Remember POLIO?

Have you heard about the
LATE EFFECTS OF POLIO?

CHINESE | FARSI | FRENCH | GERMAN | ITALIAN | JAPANESE | SPANISH

To view the Chinese and Japanese documents, you will need to have Adobe Acrobat Reader installed on your computer. For a free download ...


For Health Professionals

Survivors of polio may seek your medical advice for new weakness, overwhelming fatigue and/or pain. Some patients may describe these symptoms and "forget" to tell you they had polio. This triad of symptoms is typically presented at least fifteen years after the acute case of poliomyelitis, as the North American, Western European and Australasian experience documents. Individuals, now in their seventh or eighth decade, are facing a combination of new polio problems and aging. Because poliomyelitis has not yet been eradicated from the world, survivors will be seeking assistance for years to come.

As early as 1875, Raymond and Charcot described a polio patient who reported new weakness and atrophy in his right arm – the arm he used excessively due to residual weakness in his left arm. As survivors from the 1950s epidemics sought medical assistance for "tiring more easily," researchers explored these new complaints and, over the years, have developed the following criteria for post-polio syndrome:*

It is important to note that there are consequences to having had polio that may not fit the criteria. Polio survivors who visit your office may be reporting a variety of neurologic, orthopedic, medical, musculoskeletal, emotional and rehabilitation complaints, all of which need to be methodically addressed and not dismissed simply as signs of aging.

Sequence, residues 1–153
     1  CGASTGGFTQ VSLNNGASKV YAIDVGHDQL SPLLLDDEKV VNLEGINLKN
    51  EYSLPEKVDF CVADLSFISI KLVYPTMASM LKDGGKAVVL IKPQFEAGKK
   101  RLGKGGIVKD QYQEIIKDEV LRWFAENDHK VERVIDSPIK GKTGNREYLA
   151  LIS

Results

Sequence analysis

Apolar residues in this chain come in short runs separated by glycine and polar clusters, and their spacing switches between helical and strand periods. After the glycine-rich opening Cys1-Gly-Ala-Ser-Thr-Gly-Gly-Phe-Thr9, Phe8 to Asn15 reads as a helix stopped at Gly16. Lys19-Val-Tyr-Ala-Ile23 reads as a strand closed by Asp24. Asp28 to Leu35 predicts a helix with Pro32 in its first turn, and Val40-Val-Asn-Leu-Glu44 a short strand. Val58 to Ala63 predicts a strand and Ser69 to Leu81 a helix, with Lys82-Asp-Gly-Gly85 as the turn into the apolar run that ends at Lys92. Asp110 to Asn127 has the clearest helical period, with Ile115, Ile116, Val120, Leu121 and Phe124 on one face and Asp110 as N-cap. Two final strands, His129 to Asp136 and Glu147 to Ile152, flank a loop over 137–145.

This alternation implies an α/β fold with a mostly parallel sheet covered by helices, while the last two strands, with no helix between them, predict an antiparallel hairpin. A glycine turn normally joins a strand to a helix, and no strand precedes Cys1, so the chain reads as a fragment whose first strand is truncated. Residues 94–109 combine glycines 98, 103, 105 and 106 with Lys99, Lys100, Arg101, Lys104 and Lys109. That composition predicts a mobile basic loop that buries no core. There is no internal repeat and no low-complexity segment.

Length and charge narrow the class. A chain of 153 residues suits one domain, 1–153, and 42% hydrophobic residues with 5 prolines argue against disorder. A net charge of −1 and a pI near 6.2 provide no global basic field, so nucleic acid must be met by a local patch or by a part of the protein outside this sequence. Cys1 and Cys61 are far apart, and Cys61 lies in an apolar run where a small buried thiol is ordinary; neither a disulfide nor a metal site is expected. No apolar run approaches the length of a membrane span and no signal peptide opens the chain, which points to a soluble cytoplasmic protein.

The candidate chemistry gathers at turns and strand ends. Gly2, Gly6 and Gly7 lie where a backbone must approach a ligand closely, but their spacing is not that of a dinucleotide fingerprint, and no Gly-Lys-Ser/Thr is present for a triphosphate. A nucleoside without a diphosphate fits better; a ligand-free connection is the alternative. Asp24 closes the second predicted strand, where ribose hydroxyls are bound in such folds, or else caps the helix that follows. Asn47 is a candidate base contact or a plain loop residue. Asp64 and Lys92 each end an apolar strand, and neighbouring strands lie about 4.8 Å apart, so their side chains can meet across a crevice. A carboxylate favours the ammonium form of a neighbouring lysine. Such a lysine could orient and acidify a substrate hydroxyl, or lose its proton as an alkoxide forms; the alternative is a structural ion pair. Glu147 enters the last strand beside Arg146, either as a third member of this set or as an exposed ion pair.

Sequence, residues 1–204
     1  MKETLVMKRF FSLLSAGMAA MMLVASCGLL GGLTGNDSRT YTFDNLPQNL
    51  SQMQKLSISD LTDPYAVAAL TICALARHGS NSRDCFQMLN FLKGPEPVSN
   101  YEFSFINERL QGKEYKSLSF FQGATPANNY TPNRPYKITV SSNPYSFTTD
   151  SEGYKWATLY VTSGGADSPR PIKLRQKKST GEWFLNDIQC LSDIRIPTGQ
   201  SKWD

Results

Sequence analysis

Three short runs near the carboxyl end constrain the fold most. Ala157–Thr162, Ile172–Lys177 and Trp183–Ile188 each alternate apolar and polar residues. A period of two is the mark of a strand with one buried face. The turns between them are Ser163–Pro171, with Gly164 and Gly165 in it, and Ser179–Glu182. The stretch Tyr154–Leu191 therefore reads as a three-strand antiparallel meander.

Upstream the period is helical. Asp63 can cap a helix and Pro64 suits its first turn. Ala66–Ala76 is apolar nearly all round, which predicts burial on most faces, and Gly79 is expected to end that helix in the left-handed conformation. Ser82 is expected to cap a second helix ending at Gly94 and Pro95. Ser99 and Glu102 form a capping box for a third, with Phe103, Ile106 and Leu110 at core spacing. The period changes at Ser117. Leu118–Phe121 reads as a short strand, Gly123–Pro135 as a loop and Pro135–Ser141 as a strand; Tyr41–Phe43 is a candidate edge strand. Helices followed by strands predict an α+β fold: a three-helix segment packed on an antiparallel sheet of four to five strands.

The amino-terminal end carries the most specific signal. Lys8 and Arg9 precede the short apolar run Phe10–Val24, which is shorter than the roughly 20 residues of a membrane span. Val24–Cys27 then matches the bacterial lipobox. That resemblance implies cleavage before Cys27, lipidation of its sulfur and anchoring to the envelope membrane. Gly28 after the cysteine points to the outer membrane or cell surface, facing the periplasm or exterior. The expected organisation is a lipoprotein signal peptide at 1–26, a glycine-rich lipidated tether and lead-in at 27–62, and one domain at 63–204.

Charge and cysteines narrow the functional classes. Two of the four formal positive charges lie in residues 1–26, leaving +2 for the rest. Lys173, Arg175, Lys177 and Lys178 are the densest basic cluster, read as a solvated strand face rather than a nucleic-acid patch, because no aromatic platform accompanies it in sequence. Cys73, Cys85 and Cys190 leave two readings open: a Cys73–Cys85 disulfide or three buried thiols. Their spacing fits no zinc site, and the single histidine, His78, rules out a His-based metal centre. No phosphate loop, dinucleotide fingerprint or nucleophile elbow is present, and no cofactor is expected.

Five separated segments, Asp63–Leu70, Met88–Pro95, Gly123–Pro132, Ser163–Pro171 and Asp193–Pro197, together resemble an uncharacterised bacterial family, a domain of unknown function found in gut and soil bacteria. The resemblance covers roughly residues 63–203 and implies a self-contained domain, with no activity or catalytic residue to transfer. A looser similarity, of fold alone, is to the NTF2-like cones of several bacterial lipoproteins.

Post-Polio Health International recommends that all polio survivors receive consistent, basic medical evaluations. If a patient's symptoms are not explained and alleviated by general medical approaches and the symptoms persist or worsen, a referral is in order. A physiatrist or neurologist can conduct a neuromuscular evaluation to establish a diagnosis and to recommend a management plan that will be sent to you and your patient.

General Reading

Koopman, F.S., Uegaki, K., Gilhus, N.E., Beelen, A., de Visser, M., Nollet, F. (2011). Treatment for postpolio syndrome. Cochrane Database of Systematic Reviews, Issue 2.

Maynard, F.M., & Headley, J.L. (Eds.) (1999). Handbook on the Late Effects of Poliomyelitis for Physicians and Survivors. Saint Louis, MO: Gazette International Networking Institute (now Post-Polio Health International). (www.post-polio.org).

*March of Dimes Birth Defects Foundation. (1999). Identifying Best Practices in Diagnosis & Care. Warm Springs, GA: March of Dimes International Conference on Post-Polio Syndrome. (www.modimes.org)

Headley, J.L., Maynard, F.M., Machell, S.T., Wise, H.H. (2011). Post-Polio Health Care Considerations for Families & Friends. Saint Louis, MO: Post-Polio Health International. (www.post-polio.org/edu/healthcare)

Back to the beginning of Remember POLIO?
Have you heard about the LATE EFFECTS OF POLIO?

Stay informed through Membership Opportunities
with Post-Polio Health International.